We studied Genentech's discovery of the drug, and the myriad different drugs that compete with this technology - drugs that are half the size of this drug to allow for better penetration in the clot, drugs based on snake venom (Amgen / Nuvelo), drugs based on bat venom, drug coated stents. We explored patent and business issues - getting into European generics.

There is an analogy to the world of electrical engineering and computer science in biotech. First, there is the 'algorithm' - how are you going to solve a problem? What's your strategy? In biotech, that means isolating the gene you want to alter, etc. Then, there's the 'hardware' - how are you going to physically make your algorithm work? There are the specific manufacturing steps to go through and delivery mechanisms for the 'drug'.

This class is a reminder of why I'm in this program to begin with. The science, business, and legal aspects are fascinating. But mostly it's the science that is fascinating. The problem solving strategies are limitless in biotech. Chemists can only do so much with traditional chemical techniques and can only manufacture small molecules. Large molecules are too difficult or expensive to manufacture. Chemists can't manufacture anything remotely close to a cell. But cells can do this - for free, and quite well. Biotech takes advantage of biology's inherent ability to manufacture very complex things. Basically, don't try to beat 'em, just join 'em. Make that cell your assistant and get it to make the things you want. The possibilities are now limitless. Genetic engineering can create better and more plentiful crops, etc. This technology can revolutionize the world, and not just in healthcare - this can change economics, international relations, and social interactions. It may even lengthen life spans. It's like having the code to your Microsoft OS and manipulating it so that you can have a green background screen, faster load time, automatic loading of certain programs - basically whatever you want. When you know the code and can change the code, the world is your oyster.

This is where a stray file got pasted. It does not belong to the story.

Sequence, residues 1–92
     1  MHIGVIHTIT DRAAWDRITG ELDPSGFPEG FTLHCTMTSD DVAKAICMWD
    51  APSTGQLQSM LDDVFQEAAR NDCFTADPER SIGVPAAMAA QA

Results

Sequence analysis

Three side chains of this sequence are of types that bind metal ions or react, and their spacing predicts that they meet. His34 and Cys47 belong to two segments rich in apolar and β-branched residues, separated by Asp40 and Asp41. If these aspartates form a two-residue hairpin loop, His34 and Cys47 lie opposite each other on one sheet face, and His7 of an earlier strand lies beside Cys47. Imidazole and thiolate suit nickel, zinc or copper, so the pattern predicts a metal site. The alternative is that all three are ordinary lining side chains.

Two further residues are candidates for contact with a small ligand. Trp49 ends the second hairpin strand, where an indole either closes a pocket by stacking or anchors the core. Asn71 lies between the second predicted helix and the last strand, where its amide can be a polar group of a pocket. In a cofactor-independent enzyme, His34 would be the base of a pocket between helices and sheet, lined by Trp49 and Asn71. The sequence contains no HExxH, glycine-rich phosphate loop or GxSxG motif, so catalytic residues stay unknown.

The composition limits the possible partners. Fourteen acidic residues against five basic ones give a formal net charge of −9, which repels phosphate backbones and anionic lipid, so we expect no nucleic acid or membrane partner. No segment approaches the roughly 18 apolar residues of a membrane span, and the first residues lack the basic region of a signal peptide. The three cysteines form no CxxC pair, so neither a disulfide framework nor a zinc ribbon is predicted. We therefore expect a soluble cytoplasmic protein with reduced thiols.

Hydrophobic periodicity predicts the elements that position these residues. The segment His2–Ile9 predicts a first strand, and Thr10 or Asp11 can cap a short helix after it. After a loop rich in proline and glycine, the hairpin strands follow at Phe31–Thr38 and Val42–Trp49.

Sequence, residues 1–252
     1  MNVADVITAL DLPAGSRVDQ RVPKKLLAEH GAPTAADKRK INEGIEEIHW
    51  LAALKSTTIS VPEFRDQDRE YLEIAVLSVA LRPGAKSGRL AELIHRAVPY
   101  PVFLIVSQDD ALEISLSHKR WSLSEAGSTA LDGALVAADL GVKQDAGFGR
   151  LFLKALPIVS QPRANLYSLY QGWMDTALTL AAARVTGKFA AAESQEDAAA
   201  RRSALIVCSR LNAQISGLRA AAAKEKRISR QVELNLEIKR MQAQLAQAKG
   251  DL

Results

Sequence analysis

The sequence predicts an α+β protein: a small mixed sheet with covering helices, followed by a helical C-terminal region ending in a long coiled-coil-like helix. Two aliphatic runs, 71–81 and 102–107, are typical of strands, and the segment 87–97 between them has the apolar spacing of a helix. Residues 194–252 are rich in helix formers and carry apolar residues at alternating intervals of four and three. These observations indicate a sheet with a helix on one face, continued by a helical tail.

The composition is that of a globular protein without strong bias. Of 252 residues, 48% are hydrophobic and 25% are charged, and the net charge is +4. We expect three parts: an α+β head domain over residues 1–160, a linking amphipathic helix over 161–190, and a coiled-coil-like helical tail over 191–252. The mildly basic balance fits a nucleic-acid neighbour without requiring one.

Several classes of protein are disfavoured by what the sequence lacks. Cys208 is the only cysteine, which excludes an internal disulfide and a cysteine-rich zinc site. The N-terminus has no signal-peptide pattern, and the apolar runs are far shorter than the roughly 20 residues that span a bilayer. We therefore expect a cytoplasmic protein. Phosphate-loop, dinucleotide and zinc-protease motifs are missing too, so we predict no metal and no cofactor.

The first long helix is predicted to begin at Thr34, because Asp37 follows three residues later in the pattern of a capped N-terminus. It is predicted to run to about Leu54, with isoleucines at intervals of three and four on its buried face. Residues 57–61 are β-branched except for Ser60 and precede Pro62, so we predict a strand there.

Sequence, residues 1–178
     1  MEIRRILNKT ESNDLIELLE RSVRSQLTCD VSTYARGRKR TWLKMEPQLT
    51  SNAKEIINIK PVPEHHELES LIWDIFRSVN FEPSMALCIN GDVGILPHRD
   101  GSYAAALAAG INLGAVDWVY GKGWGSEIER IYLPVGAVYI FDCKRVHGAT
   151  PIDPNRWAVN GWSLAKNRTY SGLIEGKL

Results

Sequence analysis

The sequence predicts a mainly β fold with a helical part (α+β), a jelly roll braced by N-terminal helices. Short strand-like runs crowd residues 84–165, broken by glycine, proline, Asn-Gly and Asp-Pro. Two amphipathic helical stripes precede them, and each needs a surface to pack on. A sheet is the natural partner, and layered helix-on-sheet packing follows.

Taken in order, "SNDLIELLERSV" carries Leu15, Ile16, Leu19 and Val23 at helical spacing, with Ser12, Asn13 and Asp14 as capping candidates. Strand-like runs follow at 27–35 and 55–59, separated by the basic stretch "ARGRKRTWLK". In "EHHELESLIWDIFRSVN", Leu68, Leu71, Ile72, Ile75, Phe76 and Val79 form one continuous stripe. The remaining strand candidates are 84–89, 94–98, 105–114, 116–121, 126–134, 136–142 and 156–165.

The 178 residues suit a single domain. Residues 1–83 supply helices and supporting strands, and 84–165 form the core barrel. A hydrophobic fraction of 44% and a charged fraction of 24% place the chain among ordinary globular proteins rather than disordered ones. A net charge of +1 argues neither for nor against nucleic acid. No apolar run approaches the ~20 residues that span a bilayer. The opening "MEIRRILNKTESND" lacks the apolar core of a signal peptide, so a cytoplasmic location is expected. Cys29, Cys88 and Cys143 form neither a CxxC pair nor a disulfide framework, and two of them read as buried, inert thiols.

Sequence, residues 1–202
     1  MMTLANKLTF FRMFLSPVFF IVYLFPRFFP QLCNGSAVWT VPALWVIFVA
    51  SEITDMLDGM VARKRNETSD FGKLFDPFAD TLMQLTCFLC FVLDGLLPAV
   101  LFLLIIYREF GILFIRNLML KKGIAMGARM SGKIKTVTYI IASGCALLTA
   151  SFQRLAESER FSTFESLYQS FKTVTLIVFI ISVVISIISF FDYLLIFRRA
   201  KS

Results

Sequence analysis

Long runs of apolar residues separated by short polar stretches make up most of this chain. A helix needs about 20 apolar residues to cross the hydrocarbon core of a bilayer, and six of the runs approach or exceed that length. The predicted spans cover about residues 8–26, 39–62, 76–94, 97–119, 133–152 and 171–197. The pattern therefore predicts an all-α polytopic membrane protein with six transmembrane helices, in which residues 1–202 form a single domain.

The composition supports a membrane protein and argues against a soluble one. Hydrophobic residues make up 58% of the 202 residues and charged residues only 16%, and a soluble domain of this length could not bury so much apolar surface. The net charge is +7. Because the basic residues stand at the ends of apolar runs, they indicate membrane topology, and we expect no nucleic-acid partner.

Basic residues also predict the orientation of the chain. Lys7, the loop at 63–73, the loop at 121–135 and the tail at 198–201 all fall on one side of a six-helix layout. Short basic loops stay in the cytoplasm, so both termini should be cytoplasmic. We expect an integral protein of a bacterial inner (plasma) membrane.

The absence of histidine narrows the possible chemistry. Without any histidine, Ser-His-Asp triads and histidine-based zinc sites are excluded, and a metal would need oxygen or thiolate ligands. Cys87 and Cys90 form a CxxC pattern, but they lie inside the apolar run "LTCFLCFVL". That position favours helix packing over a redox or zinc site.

Wednesday, January 14, 2009

First Impressions of Philly / Penn